Desexing or neutering your pet is a surgical procedure that prevents them from being able to reproduce.
In males the procedure is called ‘castration’ – we remove the testicles and the spermatic cord so that your cat cannot father any offspring. Castration also removes the risk of testicular cancer. The testicles are the main producer of the hormone testosterone, which can influence behaviour. By removing them, the level of testosterone in the blood is reduced, which should lower the chance of your pet straying and spraying.
In females the procedure is called ‘spaying’. We remove the ovaries and the womb (the uterus) so the female can’t produce any eggs, come into season or become pregnant. The ovaries are the main producer of the hormone oestrogen – removing them results in more docile behaviour and a reduced chance of straying. Spaying also removes the risk of:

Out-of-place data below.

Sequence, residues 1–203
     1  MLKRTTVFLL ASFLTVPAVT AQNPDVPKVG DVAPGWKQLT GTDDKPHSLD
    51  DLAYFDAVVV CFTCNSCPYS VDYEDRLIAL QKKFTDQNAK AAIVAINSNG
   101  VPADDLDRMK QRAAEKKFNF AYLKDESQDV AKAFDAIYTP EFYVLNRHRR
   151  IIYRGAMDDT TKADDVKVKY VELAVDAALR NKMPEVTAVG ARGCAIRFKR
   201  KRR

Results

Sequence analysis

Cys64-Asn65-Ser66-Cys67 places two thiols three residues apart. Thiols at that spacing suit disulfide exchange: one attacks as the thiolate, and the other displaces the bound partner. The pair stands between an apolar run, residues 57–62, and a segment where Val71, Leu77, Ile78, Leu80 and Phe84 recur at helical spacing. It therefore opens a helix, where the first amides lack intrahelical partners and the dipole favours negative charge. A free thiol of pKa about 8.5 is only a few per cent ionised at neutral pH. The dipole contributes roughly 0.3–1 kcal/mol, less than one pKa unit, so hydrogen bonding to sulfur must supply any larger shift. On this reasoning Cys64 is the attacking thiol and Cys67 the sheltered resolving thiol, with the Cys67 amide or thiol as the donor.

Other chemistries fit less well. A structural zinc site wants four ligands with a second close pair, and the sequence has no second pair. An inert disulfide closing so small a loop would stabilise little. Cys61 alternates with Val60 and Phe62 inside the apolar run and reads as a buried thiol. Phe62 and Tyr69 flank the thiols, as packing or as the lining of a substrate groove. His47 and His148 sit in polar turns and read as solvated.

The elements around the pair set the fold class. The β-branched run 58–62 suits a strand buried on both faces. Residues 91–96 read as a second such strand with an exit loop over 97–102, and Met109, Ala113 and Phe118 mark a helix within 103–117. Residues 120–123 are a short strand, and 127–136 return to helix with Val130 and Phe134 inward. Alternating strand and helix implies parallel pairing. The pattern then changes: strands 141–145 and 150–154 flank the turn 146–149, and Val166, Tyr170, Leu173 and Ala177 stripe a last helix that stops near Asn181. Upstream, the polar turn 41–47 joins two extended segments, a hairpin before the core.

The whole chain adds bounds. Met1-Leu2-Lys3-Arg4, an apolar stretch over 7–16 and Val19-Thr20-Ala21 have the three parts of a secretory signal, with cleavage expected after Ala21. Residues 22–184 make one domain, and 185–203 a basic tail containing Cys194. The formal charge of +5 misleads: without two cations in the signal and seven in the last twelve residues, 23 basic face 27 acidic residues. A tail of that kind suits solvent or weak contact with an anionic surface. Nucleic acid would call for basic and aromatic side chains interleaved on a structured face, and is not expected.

- Ovarian cancer, as well as reducing the risk of mammary (breast) cancer later on in life
- Pyometra – a serious infection of the womb
Both spaying and castration are routine procedures and we carry out hundreds of them every year. Most cats go home the same day and we then see females two to three days later to ensure that the incision is healing well.
The most common age to desex your cat is between 5 and 6 months, however they are never too old to be desexed.
There are many benefits to desexing your cat before 6 months. They include:
- Preventing unwanted litters, which can be very costly, and may add to the already overwhelming number of stray animals that are put down each year
- Prevention of testicular cancer and prostate disease in males, and it can help prevent pyometra (infection of the uterus) and mammary tumours (breast cancer) in females
- Stopping the “heat” cycle in females
- Decreasing aggression towards humans and other animals, especially in males
- Being less prone to wander, especially in males
- Living a longer and healthier life
- Reduction of council registration fees